Police set up a cordon outside the home of former president Nelson Mandela before it was announced by president Jacob Zuma that Mandela had passed away, Thursday, Dec. 5, 2013. South African President, Jacob Zuma, announced the death of former South African President Nelson Mandela, aged 95, to the media Thursday evening Dec. 5, 2013, in South Africa.

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  30. 32 of 33

    By AP Photo/Denis Farrell

    Police keep watch outside the home of former president Nelson Mandela, rear, before it was announced by president Jacob Zuma that Mandela had died, Thursday, Dec. 5, 2013.

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  31. 33 of 33

    By AP Photo/John Minchillo

    Pedestrians pass beneath the Apollo Theatre marquee commemorating the life of South African leader Nelson Mandela, Thursday, Dec. 5, 2013, in the Harlem neighborhood of New York. South Africa's first black president died Thursday after a long illness. He was 95.

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BY CHRISTOPHER TORCHIA AND MARCUS ELIASON The Associated Press

JOHANNESBURG -- Nelson Mandela, who became one of the world's most beloved statesmen and a colossus of the 20th century when he emerged from 27 years in prison to negotiate an end to white minority rule in South Africa, has died. He was 95.

South African President Jacob Zuma made the announcement at a news conference late Thursday, saying "we've lost our greatest son."

His death closed the final chapter in South Africa's struggle to cast off apartheid, leaving the world with indelible memories of a man of astonishing grace and good humor. Rock concerts celebrated his birthday. Hollywood stars glorified him on screen. And his regal bearing, graying hair and raspy voice made him instantly recognizable across the globe.

As South Africa's first black president, the ex-boxer, lawyer and prisoner No. 46664 paved the way to racial reconciliation with well-chosen gestures of forgiveness. He lunched with the prosecutor who sent him to jail, sang the apartheid-era Afrikaans anthem at his inauguration, and traveled hundreds of miles to have tea with the widow of Hendrik Verwoerd, the prime minister at the time he was imprisoned.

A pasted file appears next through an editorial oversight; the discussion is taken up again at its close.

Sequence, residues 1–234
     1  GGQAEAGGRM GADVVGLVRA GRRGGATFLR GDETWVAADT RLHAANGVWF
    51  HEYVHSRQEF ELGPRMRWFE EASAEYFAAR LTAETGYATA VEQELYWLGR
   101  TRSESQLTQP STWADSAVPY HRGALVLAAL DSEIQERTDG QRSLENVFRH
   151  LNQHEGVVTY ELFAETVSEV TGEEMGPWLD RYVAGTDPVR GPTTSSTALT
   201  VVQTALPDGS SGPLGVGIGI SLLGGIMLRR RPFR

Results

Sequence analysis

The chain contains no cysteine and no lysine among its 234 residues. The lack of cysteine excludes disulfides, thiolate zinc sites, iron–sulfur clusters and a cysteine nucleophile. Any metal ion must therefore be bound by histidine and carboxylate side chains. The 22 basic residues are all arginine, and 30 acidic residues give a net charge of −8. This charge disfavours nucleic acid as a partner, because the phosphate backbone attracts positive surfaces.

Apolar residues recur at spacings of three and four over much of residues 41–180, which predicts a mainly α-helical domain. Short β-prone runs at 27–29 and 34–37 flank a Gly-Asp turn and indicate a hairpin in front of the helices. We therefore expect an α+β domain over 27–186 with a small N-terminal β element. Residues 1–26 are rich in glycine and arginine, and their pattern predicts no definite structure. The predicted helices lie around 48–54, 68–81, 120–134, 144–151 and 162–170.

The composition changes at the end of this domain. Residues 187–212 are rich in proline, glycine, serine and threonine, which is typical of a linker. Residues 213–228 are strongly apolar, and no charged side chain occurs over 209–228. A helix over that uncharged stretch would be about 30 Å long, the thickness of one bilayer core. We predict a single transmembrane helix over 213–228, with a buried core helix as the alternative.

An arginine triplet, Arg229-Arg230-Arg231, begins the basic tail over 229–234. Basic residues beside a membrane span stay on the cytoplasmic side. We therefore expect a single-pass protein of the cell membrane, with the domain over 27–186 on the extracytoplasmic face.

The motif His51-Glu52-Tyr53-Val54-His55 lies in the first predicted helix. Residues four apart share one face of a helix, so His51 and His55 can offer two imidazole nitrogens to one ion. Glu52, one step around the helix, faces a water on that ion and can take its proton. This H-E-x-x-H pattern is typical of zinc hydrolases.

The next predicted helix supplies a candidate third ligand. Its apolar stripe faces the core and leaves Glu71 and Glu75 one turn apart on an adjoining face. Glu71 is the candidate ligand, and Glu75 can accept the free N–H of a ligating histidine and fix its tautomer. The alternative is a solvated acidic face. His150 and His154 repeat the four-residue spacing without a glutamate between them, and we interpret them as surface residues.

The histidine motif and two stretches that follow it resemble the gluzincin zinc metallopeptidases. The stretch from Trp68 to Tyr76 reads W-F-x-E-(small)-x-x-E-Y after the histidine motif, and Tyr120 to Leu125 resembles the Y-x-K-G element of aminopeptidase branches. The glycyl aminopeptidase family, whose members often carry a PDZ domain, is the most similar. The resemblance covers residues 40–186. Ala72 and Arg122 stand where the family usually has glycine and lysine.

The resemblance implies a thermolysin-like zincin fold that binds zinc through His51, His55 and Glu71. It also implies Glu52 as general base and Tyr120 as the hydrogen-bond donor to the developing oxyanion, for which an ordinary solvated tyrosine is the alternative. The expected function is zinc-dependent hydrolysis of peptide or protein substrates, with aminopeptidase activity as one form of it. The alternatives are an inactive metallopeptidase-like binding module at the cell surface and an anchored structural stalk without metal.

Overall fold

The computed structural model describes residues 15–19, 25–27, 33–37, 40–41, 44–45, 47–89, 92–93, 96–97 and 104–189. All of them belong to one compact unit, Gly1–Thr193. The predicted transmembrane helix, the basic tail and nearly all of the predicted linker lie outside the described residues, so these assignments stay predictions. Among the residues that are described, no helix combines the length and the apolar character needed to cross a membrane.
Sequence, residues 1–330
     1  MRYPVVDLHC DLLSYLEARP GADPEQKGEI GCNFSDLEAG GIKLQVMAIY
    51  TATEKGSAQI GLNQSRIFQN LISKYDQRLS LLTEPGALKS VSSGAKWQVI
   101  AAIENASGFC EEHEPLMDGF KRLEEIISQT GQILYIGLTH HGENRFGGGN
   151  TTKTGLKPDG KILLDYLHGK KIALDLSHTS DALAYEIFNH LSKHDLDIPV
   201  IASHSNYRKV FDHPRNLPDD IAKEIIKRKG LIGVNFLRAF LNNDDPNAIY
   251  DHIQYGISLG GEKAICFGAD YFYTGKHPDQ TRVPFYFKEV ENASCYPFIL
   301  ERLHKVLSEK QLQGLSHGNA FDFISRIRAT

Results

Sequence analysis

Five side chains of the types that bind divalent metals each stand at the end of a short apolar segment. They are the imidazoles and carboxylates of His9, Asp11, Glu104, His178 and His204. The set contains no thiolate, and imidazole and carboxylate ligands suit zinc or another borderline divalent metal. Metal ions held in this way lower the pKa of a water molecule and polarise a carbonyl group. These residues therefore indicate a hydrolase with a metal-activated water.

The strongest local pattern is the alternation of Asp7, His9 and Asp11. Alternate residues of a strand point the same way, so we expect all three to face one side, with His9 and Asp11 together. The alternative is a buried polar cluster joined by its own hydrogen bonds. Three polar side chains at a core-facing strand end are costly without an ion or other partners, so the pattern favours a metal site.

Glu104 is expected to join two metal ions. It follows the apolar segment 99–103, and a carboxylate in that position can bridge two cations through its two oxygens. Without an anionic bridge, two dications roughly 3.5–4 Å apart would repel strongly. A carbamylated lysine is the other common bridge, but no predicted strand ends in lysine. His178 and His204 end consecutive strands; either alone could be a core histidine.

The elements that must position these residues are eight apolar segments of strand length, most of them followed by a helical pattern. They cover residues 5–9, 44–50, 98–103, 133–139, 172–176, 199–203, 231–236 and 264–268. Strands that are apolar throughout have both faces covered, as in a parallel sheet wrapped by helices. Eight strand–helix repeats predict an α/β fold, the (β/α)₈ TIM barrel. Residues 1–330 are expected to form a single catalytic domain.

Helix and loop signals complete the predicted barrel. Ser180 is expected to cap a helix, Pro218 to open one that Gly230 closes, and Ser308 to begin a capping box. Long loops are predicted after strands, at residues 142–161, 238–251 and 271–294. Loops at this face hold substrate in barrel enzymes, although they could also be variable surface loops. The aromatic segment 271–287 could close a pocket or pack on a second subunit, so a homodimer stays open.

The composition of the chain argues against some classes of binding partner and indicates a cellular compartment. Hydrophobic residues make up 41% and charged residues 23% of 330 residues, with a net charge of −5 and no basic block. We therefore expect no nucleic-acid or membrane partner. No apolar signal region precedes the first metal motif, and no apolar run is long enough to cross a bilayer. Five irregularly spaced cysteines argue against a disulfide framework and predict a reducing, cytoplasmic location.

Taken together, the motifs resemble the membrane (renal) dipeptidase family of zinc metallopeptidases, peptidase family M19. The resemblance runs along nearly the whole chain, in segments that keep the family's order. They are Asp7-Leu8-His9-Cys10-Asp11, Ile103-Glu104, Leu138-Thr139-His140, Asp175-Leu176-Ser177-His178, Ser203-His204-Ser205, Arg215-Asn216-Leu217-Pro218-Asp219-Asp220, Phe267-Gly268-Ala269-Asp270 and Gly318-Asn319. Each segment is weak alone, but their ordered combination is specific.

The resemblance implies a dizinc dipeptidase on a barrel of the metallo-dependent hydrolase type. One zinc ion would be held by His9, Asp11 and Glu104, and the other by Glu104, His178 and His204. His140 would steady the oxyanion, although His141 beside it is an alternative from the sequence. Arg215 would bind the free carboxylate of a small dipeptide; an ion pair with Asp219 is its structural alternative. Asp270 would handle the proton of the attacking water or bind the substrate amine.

His most memorable gesture came when he strode onto the field before the 1995 Rugby World Cup final in Johannesburg. When he came on the field in South African colors to congratulate the victorious South African team, he brought the overwhelmingly white crowd of 63,000 to its feet, chanting "Nelson! Nelson! Nelson!"

For he had marched headlong into a bastion of white Afrikanerdom -- the temple of South African rugby -- and made its followers feel they belonged in the new South Africa.

At the same time, Mandela was himself uneasy with the idea of being an icon and he did not escape criticism as an individual and a politician, though much of it was muted by his status as a unassailable symbol of decency and principle. As president, he failed to craft a lasting formula for overcoming South Africa's biggest post-apartheid problems, including one of the world's widest gaps between rich and poor. In his writings, he pondered the heavy cost to his family of his decision to devote himself to the struggle against apartheid.

He had been convicted of treason and sentenced to life imprisonment in 1964 for leading a campaign of sabotage against the government, and sent to the notorious Robben Island prison. It was forbidden to quote him or publish his photo, yet he and other jailed members of his banned African National Congress were able to smuggle out messages of guidance to the anti-apartheid crusade.

As time passed -- the "long, lonely, wasted years," as he termed them -- international awareness of apartheid grew more acute. By the time Mandela turned 70 he was the world's most famous political prisoner. Such were his mental reserves, though, that he turned down conditional offers of freedom from his apartheid jailers and even found a way to benefit from confinement.